This page demonstrates new color font technology. For the progressively enhanced color font experience, try a browser that supports the technology, like Firefox or Microsoft Edge (version 38 or later).
ℹ︎ Introducing color fonts
Adobe’s new color fonts use an innovative font technology that allows built-in SVG (Scalable Vector Graphics) to enhance the way the fonts appear. This new standard allows color information to be stored inside a font and could change the way people interact with type.
You can use fonts anywhere, just like the fonts you’re used to on your computer or website — but since color fonts are so new, we’re still in the early days of realizing their potential. If you’re a font developer, this is a great time to jump in — please join us!
We’re excited to highlight this technology and share these fonts with you since there’s a lot more to learn about how they can be used. In the following articles we’ll dive a little more into the new technology and the development process for Trajan Color Concept and EmojiOne Color.
EmojiOne Color is an open source color font built by Adobe from the EmojiOne artwork designed by Denis Denz and produced by Rick Moby. The font contains all of the emoji in Unicode 9.0 and includes support for ZWJ, skin tone diversity, and country flag emoji.
Browser support for color fonts is still evolving, but exists in Firefox and Microsoft Edge (IE), and we expect more browser manufacturers will adopt the format before long. In browsers that lack color font support, they will fall back to regular monochrome glyphs. For more info, check the following links:
ChromaCheck — a script to detect color font support in browsers
Using color fonts in desktop programs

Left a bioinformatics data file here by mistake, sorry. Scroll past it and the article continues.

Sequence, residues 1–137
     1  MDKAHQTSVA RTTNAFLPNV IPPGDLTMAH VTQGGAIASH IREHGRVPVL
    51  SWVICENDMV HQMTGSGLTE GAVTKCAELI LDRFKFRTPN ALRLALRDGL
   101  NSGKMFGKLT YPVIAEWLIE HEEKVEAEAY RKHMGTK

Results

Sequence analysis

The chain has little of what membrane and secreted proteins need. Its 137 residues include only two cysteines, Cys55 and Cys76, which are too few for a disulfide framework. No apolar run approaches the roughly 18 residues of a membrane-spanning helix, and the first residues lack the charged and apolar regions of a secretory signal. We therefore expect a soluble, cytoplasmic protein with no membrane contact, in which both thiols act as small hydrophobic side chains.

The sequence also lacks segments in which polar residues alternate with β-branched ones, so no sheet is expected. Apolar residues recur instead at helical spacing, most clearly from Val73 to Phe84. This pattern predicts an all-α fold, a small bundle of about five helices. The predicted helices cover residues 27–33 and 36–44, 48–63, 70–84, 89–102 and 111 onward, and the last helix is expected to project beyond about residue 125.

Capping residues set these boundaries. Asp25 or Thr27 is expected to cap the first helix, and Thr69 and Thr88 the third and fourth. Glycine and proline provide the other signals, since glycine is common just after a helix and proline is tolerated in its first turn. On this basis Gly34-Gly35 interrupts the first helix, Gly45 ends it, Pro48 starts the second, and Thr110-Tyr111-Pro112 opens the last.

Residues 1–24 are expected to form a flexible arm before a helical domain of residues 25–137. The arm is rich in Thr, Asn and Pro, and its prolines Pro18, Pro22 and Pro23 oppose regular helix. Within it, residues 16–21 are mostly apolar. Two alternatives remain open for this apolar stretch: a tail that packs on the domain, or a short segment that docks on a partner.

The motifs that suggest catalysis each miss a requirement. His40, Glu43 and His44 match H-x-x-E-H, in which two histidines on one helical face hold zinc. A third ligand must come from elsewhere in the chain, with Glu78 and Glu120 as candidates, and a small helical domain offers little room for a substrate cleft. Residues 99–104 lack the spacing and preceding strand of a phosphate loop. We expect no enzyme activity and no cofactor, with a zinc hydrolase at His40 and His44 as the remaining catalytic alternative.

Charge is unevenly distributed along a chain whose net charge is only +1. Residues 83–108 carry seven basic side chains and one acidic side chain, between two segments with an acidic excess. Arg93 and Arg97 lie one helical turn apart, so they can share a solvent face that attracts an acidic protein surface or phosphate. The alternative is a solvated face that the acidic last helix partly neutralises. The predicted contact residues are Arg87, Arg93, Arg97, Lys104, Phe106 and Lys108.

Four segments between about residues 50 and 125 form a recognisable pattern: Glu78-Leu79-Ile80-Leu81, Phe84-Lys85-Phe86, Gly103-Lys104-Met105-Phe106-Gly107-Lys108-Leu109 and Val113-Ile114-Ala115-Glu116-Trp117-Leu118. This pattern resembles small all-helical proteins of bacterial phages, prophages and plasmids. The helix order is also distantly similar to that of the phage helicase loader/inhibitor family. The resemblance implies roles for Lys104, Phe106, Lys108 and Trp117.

Color fonts like Trajan Color Concept and EmojiOne Color will appear just like typical fonts in your programs’ font menus — but they may not display their full potential, since many programs don’t yet have full support for the color components.
When an application lacks color font support, you’ll see the plain black version of the glyphs as a fallback. (If it sounds to you like this makes them challenging to use, you’d be right — which is one reason why Trajan Color is still considered a concept font.)
We’ve put together a few of our trusted resources for working with color fonts in our Help documentation. If you don’t see what you need over there, reach out to us directly at firstname.lastname@example.org and let us know what you’re working on. We’ll be more than happy to help you out.
🛠 Make color fonts
If you’re a font developer, you’re in great company! We’ve put together recommended resources for you on a Help page. You’re welcome to email us at email@example.com, too — whether you have a question about how to set up the SVG table, or if you want to ask about adding your fonts to the Typekit library.